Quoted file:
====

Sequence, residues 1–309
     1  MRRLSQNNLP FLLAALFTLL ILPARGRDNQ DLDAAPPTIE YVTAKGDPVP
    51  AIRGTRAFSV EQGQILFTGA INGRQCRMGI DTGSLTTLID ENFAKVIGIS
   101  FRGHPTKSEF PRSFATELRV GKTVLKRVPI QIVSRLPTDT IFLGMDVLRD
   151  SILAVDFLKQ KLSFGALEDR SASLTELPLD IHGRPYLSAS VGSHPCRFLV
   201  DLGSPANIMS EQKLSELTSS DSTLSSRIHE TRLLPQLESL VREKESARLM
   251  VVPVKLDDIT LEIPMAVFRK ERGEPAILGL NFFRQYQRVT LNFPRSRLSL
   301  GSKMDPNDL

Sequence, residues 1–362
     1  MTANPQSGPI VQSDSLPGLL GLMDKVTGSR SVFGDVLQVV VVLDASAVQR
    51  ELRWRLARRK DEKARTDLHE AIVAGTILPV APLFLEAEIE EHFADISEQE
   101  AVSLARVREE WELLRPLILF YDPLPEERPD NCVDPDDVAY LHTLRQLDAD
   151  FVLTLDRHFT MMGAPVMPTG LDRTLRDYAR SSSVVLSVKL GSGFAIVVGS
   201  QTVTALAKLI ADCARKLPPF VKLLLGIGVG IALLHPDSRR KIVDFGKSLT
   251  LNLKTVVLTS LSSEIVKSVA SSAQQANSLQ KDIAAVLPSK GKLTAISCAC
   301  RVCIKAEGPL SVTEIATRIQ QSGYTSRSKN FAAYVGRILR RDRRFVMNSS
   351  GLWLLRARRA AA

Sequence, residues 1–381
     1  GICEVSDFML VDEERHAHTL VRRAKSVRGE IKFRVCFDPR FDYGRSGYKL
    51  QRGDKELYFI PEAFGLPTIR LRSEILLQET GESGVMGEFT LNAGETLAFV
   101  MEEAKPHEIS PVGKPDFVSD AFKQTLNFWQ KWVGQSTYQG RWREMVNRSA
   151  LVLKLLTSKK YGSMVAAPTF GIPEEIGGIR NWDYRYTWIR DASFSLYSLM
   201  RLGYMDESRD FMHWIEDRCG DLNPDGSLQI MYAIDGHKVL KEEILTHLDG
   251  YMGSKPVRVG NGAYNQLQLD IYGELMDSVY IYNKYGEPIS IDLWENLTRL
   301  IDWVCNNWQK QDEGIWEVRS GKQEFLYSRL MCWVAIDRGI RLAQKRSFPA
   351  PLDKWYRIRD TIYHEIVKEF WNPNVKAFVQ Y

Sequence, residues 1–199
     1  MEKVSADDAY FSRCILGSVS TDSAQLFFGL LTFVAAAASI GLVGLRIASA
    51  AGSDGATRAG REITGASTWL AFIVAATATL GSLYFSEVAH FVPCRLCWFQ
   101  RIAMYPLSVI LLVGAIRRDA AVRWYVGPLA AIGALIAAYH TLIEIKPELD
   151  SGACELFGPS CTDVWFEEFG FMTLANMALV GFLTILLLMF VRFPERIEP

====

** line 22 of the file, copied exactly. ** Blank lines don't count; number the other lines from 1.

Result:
   151  LVLKLLTSKK YGSMVAAPTF GIPEEIGGIR NWDYRYTWIR DASFSLYSLM